The Executive Director of the United Nations Global Compact Office, GEORG KELL, reflected on the role of business in conflict prevention and peacebuilding.  Commerce was often a force for peace, but it could also be the cause for disruptions.  Violence was a cost element and a barrier to investment.  It was also true that much depended on how business was conducted.  There remained a tremendous gap in available tools and incentives to bring about a shift in the mindset of corporations.  In addition, the role of business in conflict had so far not attracted the political attention it deserved. 

    The question-and-answer session focused on, among other things, the need for the United Nations to address the issue of genocide, the urgent need to establish nuclear-weapon-free zones in the Middle East and North Asia, and the need to integrate peacebuilding in various activities. 

    Round Table 2 -- 'Eradicating Poverty:  Timeliness and Lifelines'

    Water was a key engine driving human development as well as a human right that must be publicly regulated to make it accessible and affordable for all, Uwem ROBERT OTU, President of the African Youth Movement based in Nigeria, told a round-table session entitled "Eradicating Poverty:  Timelines and Lifelines" this morning, as part of the fifty-eighth Annual DPI/NGO Conference.

    This year, economically exploitable water would run out in some critical areas; by 2025, two thirds of the world's population could face severe water shortages, Mr. Otu said.  Water privatization had tended to benefit the political and economic elite, including national and transnational corporations, without addressing crucial issues of equity, sustainability and institutions.  Corruption was rampant, and privatization in four states in Nigeria had resulted in increased water tariffs and the severing of water services to poor and marginalized groups unable to support the higher fees.

    While water should not necessarily be free of charge, he continued, it should be managed through public-public partnerships and not subjected to conditions imposed by the World Bank, investment facilities and bilateral donors.  Water consumers must be informed about water costs and given leverage in the decision-making process to set water tariffs and subsidies.  His organization was partnering with other non-governmental groups to support integrated water resource management such as the Better Life Programme for Rural Women, the Stockholm International Water Institute, and Groups against Corruption in Africa.  In addition, 15 Nigerian non-governmental organizations were working with Clean-Up Australia to develop hygienic waste disposal systems and to study consumer waste disposal patterns in cities throughout Nigeria.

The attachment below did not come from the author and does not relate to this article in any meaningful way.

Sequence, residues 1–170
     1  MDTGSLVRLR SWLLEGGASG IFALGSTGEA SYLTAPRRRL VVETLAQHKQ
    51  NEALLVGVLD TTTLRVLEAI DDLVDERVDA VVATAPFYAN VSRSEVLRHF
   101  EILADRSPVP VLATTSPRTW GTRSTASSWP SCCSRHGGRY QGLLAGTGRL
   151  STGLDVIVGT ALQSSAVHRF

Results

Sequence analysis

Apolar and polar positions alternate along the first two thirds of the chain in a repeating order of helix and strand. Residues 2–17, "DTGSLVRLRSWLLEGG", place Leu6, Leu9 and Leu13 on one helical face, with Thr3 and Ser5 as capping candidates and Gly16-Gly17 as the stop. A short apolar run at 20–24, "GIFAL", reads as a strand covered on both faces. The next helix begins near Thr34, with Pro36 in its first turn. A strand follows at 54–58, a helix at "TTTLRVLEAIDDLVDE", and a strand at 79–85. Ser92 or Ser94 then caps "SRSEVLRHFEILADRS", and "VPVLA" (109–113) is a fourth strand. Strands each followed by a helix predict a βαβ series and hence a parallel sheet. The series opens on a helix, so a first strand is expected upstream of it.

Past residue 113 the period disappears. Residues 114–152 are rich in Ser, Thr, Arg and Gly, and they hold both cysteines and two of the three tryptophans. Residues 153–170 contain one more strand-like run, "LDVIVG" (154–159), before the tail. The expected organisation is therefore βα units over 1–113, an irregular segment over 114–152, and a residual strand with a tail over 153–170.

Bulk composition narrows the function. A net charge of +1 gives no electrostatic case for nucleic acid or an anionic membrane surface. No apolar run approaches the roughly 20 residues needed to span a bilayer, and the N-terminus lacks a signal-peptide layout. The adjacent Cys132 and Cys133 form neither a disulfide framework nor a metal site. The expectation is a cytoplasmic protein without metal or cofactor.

Improving the lot of the poor was also contingent upon improving socio-economic opportunities for women, he said, noting that Nigeria's Federal Ministry for Women's Affairs and Social Affairs had scored several successes in educating, training and mobilizing women nationwide to promote better living standards, improved family planning and health care, higher literacy rates and women's entrepreneurship.

    SYLVAN BARNETT, Representative to the United Nations of Rotary International, agreed, stressing that economic self-sufficiency, particularly among women in rural Africa, was key to poverty eradication.  Rotary International had helped set up microcredit banks and revolving loan funds for female clients, school lunch programmes for children, and farmer training programmes in rural areas in Africa.  His organization was actively engaged in programmes worldwide to achieve all the Millennium Development Goals, he said, including targets to reduce and eliminate maternal mortality.

    ANN VENEMAN, Executive Director of the United Nations Children's Fund (UNICEF), said 315 million people could be lifted out of poverty, especially in Africa, if countries followed through on their commitments to implement the millennium targets.  An estimated 1.1 billion people still lived on less than $1 per day, and at the current rate of progress, 44 countries would not be able to meet child development goals by the 2015 target year.  Next month, UNICEF would announce a major global initiative to stem the direct impact of the HIV/AIDS epidemic on children, including the orphan crisis and the reduction in children education.  Next week, it would launch an initiative intended to address maternal development and health.  Progress, she stressed, would require greater commitments at the country level.

    HICHAM EL-GUERROUJ, a professional athlete and UNICEF National Goodwill Ambassador for Morocco, said sports played a major role in human development, peacebuilding and poverty alleviation.  Children active in sports were more likely to develop healthy lifestyles and less likely to do drugs, smoke and become delinquents.  Studies by the World Health Organization (WHO) had revealed that each dollar invested in sports represented a saving of $3 in medical costs.  Sports taught perseverance, teamwork and reinforced the value of fair competition -- important lessons for conflict-resolution, collective action, democracy and tolerance.  Sports promoted gender equality, allowing young girls and women to build self-confidence and demonstrate leadership, and created economic and educational opportunities for impoverished youth. According to the World Bank, the $36 billion global sports industry was growing 3 per cent to 5 per cent annually.